Japan Foundation LA
June 12th to July 11th, 2015
West Los Angeles College Art Gallery
9000 Overland Ave
Los Angeles, CA 90230)

Photo Exhibition

Metamorphosis of Japan After the War  

The Foundation is delighted to present the photo exhibition Metamorphosis of Japan After the War. It is with great pleasure that we introduce the work of 11 photographers who captured images of postwar Japan from 1945 to 1964. The exhibition takes place at West Los Angeles College Art Gallery from June 12 - July 11, 2015.

   Metamorphosis of Japan After the War

  Exhibiting Photographers: 

Ken Domon, Ihee Kimura, Hiroshi Hamaya, Tadahiko Hayashi 

  Shigeichi Nagano, Ikko Narahara, Kikuji Kawada, Shomei Tomatsu  

Yasuhiro Ishimoto, Eikoh Hosoe, Takeyoshi Tanuma  

June 12 - July 11, 2015

*Preview Party on Thursday, June 11@7:30pm
 Light refreshments will be served. 

     Exhibition Hours: 
Tuesday-Saturday 12:00pm-6:00pm
Closed on Sundays, Mondays, Independence Day 

West Los Angeles College Art Gallery
 (9000 Overland Ave., Los Angeles, CA 90230) 

*Directions & Parking:   Click Here

     Free Admission

In 1945, Japan made a new start as a defeated and devastated country after World War II. However, after only 20 or so years, the nation's society, economy, and culture underwent dramatic transformations. It is difficult to specify precisely when the postwar period ended, but for the purposes of this exhibition, we define the "postwar" era as the period from the end of the war in 1945 to the year of the Tokyo Olympics, 1964. The 11 photographers introduced here were each active in this period of dramatic upheaval. Their work records the transformation of society, and many of the photographs that they took are significant from an artistic perspective in addition to being important records.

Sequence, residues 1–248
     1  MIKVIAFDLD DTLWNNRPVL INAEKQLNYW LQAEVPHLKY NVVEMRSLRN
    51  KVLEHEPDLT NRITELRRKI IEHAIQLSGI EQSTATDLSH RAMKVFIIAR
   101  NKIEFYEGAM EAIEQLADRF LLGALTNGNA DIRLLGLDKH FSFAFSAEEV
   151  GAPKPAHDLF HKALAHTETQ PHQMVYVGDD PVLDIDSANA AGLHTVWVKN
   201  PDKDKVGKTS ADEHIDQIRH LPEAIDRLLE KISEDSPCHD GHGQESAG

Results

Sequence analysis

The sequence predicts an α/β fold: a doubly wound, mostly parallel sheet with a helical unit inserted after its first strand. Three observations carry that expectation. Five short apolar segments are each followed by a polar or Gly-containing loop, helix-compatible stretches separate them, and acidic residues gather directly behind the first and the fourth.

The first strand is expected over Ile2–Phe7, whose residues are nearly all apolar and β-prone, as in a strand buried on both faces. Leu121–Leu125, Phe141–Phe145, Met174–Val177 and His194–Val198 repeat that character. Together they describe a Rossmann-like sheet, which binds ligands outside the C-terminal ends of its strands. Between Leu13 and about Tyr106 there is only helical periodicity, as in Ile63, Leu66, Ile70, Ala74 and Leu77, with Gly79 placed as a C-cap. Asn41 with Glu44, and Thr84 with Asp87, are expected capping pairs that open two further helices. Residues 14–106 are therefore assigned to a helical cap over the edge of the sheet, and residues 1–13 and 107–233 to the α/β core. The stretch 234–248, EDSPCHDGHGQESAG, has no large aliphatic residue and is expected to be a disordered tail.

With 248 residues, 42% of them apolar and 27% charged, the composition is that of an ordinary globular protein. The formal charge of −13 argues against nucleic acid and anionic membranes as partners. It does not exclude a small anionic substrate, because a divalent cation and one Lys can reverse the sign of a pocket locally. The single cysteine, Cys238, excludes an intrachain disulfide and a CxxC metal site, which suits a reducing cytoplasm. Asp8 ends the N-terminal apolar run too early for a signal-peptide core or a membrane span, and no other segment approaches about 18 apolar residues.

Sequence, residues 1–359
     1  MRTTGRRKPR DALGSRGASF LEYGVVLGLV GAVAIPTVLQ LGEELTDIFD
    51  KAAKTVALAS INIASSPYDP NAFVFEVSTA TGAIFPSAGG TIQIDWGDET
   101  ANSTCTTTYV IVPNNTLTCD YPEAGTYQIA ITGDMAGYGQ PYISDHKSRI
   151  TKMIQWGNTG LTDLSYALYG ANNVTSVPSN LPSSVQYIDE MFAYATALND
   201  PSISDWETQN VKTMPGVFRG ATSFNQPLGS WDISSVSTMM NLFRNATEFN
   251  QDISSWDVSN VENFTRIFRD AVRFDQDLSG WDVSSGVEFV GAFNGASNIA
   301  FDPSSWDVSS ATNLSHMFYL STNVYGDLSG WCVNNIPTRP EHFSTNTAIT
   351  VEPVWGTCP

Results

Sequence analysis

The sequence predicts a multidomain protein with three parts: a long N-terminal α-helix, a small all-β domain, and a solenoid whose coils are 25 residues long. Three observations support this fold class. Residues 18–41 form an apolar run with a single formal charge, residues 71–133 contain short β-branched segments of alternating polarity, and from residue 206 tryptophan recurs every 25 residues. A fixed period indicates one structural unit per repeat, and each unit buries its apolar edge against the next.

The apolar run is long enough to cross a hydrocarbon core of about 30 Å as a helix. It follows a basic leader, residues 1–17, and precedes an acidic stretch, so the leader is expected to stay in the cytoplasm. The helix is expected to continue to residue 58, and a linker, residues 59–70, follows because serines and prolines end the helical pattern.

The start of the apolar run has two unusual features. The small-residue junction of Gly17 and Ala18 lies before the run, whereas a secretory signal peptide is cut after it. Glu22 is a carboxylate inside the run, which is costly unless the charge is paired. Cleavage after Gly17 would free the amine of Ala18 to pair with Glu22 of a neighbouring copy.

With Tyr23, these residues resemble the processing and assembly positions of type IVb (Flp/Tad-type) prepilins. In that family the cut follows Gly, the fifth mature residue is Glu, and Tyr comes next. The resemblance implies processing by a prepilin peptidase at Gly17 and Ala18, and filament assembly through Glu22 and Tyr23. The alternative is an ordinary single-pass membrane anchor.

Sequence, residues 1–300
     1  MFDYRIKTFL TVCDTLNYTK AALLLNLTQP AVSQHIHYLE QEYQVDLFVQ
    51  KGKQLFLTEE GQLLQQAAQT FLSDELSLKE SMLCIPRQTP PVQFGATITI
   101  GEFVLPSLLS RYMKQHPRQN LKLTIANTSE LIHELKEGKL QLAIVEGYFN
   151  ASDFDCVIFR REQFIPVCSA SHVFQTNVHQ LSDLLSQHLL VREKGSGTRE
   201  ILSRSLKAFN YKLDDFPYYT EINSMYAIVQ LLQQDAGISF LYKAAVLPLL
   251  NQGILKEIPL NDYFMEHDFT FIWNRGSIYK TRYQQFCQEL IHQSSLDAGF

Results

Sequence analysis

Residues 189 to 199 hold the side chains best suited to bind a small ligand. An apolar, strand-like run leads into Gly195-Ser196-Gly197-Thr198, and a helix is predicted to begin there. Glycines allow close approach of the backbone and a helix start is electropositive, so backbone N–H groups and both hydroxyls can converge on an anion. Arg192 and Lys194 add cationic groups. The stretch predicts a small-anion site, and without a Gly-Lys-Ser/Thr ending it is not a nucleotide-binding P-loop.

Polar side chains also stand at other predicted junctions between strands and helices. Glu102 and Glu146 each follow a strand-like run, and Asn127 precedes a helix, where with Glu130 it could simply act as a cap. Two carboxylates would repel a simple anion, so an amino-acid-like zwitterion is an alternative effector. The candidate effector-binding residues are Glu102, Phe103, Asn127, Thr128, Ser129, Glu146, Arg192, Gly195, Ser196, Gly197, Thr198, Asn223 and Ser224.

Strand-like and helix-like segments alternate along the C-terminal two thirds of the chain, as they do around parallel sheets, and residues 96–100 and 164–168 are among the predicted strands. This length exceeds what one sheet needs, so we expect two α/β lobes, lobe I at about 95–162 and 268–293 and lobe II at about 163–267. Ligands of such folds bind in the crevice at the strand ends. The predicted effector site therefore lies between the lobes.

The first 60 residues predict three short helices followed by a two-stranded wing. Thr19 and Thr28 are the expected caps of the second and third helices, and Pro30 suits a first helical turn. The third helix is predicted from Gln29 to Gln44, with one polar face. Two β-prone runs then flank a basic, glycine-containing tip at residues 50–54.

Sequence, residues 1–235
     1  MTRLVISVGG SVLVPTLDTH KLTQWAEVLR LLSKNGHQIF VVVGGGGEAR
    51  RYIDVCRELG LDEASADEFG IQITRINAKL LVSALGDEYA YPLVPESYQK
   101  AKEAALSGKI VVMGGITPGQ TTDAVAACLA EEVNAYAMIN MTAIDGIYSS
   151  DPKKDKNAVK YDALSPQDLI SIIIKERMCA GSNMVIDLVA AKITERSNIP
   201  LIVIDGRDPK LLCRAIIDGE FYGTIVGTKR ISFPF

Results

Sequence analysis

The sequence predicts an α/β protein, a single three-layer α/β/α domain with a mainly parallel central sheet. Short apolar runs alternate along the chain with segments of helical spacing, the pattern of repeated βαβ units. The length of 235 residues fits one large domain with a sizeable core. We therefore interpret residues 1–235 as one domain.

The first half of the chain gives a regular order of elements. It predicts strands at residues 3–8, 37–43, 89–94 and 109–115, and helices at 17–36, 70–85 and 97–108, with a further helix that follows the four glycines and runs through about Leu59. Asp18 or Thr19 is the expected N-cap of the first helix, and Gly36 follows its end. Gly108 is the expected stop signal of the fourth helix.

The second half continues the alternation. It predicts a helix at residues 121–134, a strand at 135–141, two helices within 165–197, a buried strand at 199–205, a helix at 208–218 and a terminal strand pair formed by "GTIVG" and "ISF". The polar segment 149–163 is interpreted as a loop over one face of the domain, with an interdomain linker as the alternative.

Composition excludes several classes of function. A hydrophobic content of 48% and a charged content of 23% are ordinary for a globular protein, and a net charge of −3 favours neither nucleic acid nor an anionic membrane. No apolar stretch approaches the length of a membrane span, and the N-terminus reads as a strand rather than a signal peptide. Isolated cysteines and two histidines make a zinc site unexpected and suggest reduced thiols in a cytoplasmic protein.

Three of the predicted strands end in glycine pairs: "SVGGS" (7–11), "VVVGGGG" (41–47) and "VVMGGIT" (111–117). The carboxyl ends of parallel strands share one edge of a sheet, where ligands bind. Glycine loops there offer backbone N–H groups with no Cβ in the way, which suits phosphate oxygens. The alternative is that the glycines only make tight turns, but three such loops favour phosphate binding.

The photographers selected are Ken Domon, perhaps the best-known Japanese photographer of the 20th century for his cool-headed photo-realism, Ihee Kimura, whose approach to realism was distinguished from Domon's by its unique aesthetics, Hiroshi Hamaya, who photographed the climates and environments of mountain and agricultural villages together with the lives of their inhabitants, Tadahiko Hayashi, who produced marvelous portraits, Shigeichi NaganoIkko NaraharaKikuji KawadaShomei Tomatsu, and Yasuhiro Ishimoto, who represent a younger generation of photographers, and Eikoh Hosoe and Takeyoshi Tanuma, who were two of the photographers who demonstrated the creativity of photography. Each of these individuals had his own style, but all produced significant works that are important records of this period.  

It is our hope that as viewers enjoy their undeniable attractiveness and power, these photographs will also provide a starting point for thinking about the society of postwar Japan that was their background.

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